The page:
Luteinizing hormone (LH) is produced by the pituitary gland. In women, LH helps regulate the menstrual cycle and egg production (ovulation); in men, LH stimulates the production of testosterone, which plays a role in sperm production.
Women's LH levels normally vary with the phase of the menstrual cycle, rapidly increasing just before ovulation occurs. This "LH surge" is a dependable sign that a woman is in a fertile time of her cycle. Men's LH levels normally remain constant.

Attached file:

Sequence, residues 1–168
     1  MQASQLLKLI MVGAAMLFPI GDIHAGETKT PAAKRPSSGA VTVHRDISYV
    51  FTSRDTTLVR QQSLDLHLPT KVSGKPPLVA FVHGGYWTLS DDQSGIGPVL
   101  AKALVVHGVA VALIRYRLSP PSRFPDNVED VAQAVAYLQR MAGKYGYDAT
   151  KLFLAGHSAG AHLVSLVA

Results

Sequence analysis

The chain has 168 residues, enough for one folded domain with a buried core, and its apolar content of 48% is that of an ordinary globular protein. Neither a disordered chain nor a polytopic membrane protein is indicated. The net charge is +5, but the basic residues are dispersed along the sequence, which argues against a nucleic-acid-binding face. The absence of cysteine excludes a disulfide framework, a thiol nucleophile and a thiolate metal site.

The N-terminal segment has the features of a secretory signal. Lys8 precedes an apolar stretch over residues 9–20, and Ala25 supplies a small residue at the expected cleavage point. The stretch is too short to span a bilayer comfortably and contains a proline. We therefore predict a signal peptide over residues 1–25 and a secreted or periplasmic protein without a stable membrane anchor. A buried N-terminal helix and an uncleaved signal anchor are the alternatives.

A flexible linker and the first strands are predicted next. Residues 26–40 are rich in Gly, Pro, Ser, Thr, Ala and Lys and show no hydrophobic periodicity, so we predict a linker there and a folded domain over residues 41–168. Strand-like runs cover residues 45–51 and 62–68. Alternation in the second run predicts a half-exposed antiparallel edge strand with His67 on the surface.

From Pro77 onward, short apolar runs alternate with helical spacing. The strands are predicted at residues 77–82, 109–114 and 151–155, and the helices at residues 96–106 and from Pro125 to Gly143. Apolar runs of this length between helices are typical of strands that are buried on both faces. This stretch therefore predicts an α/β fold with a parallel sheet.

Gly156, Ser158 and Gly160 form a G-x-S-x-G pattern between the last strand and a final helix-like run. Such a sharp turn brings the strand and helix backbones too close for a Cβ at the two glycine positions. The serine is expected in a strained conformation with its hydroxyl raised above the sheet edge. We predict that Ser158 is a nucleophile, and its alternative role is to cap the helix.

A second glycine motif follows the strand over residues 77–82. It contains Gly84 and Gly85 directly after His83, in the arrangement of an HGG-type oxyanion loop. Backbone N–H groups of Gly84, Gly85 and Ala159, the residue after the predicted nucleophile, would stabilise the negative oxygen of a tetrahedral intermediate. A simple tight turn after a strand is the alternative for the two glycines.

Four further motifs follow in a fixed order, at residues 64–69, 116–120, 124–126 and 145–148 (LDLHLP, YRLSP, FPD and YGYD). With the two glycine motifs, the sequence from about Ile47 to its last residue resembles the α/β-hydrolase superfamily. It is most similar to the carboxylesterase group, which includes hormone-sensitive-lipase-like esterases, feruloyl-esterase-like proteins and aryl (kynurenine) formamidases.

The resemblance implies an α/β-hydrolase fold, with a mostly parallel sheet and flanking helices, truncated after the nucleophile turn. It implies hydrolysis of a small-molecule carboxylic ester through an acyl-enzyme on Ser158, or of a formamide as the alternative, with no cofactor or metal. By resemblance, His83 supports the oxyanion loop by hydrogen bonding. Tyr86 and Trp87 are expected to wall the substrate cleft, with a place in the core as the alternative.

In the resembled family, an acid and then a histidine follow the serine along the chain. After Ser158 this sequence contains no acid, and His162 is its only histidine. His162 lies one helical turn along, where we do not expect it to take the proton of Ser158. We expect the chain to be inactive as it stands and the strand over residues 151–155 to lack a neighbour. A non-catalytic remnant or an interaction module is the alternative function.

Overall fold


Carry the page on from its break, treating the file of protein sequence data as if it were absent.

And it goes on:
Abnormally high or low LH levels can be a sign of an inability to produce eggs or sperm.
|Primary Medical Reviewer||Sarah Marshall, MD - Family Medicine|
|Specialist Medical Reviewer||Kirtly Jones, MD - Obstetrics and Gynecology|
|Last Revised||June 8, 2012|
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